Key differences between stock and FX trading in the UK

Trading in the UK’s stock and Foreign Exchange (FX) markets can seem similar, but they have many underlying differences. Each market type has unique characteristics that can affect one’s trading strategy, costs, fees, liquidity, and regulations. Before entering either market, one must be aware of these critical differences.

This article will explore the main differences between stocks and FX trading in the UK so you can make an informed decision about how to move forward with your investments. To get started trading, you can visit Saxo.

What is forex trading?

Forex trading is the practice of buying and selling currencies – in pairs – in an attempt to make a profit from fluctuating exchange rates. It is one of the most popular ways of trading worldwide, and trading takes place online in the foreign exchange market.

The foreign exchange market, also known as the forex market, is a global network of banks, brokers, and other financial institutions that trade one currency for another. The forex market is decentralised, meaning it does not have one governing body that oversees and controls it.

What is stock trading?

Stocks, also known as equities, are part of a company’s ownership structure and represent shares in the business. When investing in stocks, you become a shareholder, which entitles you to certain rights, such as voting on company decisions and receiving dividend payouts from profits. The performance of stocks depends on how well the company performs and any changes in the industry or economy. Stock trading takes place in stock markets around the world.

Key differences between stock and FX trading in the UK

Now that you know what forex trading and stock trading are, let’s look at the critical differences between the two.


The liquidity of a market refers to how quickly it can buy or sell assets, and it describes the level of activity within a market.

The forex market is the largest and most liquid market in the world, with trillions of dollars of trades a day. Stock market liquidity depends on the specific stock market.Nevertheless, for both, the liquidity of trades depends on the specific instrument.

For example, major forex pairs such as those including the US dollar tend to be very liquid, with many traders buying and selling US dollars at any given time. However, not the same can be said of more exotic currency pairs, such as those including lesser-traded currencies like the Brazilian real, the Norwegian krone, or the South Korean won.

Meanwhile, the same can be said for stocks. Blue-chip stocks – shares from large companies like Apple, Amazon, Meta – are often in circulation and are highly liquid. Stocks from smaller companies that are lesser known will be in circulation less, and therefore less liquid.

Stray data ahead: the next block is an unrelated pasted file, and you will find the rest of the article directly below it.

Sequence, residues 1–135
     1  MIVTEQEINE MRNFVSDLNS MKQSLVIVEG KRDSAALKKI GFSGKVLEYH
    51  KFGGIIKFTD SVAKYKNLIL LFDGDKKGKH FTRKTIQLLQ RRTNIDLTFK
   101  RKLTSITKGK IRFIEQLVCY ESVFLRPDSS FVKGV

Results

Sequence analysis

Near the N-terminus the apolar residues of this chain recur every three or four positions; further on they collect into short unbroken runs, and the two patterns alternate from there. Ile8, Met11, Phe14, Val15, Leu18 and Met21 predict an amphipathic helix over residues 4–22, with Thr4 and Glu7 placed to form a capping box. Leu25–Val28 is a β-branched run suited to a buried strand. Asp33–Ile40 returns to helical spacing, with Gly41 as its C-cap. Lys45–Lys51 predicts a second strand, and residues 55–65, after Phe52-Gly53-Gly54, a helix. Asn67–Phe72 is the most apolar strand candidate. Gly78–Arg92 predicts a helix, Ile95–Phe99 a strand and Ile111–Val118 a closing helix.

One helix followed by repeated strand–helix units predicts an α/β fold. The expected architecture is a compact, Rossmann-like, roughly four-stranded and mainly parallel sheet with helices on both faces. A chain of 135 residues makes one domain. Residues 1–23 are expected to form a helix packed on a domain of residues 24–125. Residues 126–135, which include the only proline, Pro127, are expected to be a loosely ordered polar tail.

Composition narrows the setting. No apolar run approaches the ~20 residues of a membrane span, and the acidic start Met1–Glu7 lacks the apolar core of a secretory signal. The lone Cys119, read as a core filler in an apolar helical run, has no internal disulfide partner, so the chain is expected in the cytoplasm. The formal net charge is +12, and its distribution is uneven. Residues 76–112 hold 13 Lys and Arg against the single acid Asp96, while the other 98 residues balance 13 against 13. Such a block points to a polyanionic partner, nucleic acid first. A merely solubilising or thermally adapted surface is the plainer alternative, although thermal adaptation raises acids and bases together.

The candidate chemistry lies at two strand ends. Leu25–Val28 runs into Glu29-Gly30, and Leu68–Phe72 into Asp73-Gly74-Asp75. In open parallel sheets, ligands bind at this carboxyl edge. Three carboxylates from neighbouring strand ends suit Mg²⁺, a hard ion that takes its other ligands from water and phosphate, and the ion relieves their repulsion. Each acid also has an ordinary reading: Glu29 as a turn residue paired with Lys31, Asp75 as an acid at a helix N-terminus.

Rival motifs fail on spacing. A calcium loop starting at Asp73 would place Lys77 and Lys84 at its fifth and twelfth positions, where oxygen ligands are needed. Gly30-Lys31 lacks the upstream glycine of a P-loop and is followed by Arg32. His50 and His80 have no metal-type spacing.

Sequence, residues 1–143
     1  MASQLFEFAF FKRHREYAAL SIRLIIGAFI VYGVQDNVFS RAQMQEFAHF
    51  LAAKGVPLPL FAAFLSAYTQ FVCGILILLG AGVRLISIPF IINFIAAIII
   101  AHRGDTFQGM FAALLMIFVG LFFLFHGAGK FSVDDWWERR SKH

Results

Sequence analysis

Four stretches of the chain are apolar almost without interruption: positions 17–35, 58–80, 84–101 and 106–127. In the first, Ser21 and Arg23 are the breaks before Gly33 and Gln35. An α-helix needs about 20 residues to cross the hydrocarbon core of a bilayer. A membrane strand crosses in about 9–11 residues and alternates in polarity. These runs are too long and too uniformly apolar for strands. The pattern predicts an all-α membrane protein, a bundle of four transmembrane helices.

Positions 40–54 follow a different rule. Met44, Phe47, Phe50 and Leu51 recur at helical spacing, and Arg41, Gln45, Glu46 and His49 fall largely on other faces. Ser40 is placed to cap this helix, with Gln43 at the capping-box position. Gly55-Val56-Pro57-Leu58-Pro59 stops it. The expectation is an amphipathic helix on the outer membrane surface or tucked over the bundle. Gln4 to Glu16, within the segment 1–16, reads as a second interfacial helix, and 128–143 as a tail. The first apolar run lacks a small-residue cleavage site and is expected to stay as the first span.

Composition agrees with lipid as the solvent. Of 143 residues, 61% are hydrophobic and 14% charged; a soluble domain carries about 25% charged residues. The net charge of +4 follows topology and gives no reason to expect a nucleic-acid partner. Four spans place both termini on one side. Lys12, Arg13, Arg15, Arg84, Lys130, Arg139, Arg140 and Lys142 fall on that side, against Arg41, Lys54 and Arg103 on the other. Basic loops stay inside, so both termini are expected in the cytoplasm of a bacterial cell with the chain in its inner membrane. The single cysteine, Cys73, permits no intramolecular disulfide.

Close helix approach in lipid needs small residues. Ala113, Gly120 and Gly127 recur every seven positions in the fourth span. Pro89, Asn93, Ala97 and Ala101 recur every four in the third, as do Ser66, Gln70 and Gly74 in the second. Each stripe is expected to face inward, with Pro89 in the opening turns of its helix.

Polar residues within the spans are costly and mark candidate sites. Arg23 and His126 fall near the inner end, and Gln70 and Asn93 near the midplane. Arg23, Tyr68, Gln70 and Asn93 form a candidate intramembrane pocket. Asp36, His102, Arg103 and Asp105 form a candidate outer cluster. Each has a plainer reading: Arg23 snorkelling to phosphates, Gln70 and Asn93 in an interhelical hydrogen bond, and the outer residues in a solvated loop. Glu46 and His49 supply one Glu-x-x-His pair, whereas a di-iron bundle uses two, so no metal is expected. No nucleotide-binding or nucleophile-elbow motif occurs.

Fees & commissions

Forex trading typically has lower fees and commissions than stock trading, yet this is not set in stone as it depends on the broker you trade with.For most brokers, there is no exchange commission on forex trades as they occur directly between two parties. On the other hand, stock traders are subject to commissions when buying or selling shares on a traditional exchange. To be sure, you should check with your specific broker.


Leverage is a term used to describe the ability to control more capital than has been invested. Forex trading offers leverage, and traders can use a small amount of starting capital to open large positions. On the other hand, stock trading does not typically allow traders to utilise leverage. If traders want to take advantage of leverage, they may trade stock derivatives, such as stock CFDs or stock options.


Volatility measures how rapidly an asset’s price changes over time. Again, there is no set volatility for either the forex market or the stock market, as instruments have varying levels of volatility depending on various factors.

Market hours

The forex market is open 24 hours a day, five days a week. It opens in sessions, ranging from the Asian and European timezones to the North American timezone. Traders worldwide can participate in any session. The forex market is closed to retail traders on the weekends.

Stock market hours, on the other hand, depend on the exact stock market you want to participate in. Most of them follow local timezones, opening in the morning and closing in the late afternoon. Positions left open overnight may incur charges, depending on the broker you work with.

All things considered

When choosing between stock and FX trading in the UK, it’s essential to understand the critical differences between these two markets so you can see which one suits your investment strategy and preferences best. Nevertheless, you should remember that the two markets are not representative of each instrument, so you should always check the market charts of the specific instrument you want to trade instead of just looking at the markets as a whole.

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